Despite scientific advances in our understanding of HIV/AIDS causes, treatments, transmission, risk factors, symptoms and prevention, the reality for many people living with HIV is grim and far from a healthy lifestyle.
HIV or Human Immunodeficiency Virus is a lentivirus that causes a certain infection which attacks the immune system. AIDS describes a set of symptoms and illnesses that happen at the final stage of HIV infection.
December 1st marks World AIDS Day, where the World Health Organization spreads awareness about its risks and prevention. It must be noted that one can be at a greater risk of HIV if one has unprotected sex, shares contaminated needles, syringes and other injecting equipment, receives unsafe injections, blood transfusions, tissue transplantation, medical procedures that involve unsterile cutting or piercing; and experiences accidental needle stick injuries including among health workers.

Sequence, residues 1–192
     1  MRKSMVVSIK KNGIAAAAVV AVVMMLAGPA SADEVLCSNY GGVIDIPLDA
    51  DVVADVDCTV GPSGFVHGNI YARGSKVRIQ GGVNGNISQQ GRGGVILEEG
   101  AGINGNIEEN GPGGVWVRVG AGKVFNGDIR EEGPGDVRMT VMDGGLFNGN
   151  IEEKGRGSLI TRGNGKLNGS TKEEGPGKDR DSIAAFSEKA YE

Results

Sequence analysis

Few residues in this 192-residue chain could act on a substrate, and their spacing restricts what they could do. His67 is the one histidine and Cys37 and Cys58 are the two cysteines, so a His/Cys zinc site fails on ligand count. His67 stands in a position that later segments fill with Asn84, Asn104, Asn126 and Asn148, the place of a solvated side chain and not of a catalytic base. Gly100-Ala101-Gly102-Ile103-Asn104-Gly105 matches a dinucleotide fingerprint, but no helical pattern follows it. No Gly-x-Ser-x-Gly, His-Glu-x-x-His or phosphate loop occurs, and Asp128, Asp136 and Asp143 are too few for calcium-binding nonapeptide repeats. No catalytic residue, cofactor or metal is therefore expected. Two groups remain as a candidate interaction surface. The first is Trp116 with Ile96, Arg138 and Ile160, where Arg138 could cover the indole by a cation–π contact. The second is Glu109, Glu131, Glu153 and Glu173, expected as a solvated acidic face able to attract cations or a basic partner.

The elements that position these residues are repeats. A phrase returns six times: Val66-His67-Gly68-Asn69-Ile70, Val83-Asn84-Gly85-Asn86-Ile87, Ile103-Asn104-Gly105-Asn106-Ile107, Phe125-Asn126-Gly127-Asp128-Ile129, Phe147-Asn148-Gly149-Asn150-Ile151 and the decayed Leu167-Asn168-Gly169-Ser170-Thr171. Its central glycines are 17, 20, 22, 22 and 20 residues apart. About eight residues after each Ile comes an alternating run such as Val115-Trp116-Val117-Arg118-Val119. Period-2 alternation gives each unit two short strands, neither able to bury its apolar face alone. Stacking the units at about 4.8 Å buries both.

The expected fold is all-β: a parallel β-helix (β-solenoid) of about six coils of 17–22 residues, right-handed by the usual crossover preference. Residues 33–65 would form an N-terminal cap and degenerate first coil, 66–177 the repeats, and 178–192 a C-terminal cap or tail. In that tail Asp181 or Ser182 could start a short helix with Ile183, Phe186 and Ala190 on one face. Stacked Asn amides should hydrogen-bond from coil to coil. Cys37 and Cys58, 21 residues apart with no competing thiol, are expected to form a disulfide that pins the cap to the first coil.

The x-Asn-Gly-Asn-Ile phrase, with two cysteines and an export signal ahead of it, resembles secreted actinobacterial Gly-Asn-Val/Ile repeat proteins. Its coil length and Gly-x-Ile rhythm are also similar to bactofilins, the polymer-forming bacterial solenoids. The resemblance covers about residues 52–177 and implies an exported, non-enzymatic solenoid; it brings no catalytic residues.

An estimated 21.7 million people were receiving HIV treatment in 2017. However, globally, only 59% of the 36.9 million people living with HIV in 2017 were receiving ART, according to World Health Organization.
However, Stigma and discrimination still persists in society and workplaces, even though the Human Rights clearly state that everyone should have access to proper healthcare services.
December 1st is an opportunity for everyone everywhere to unite and fight against HIV as well as show support for people living with it.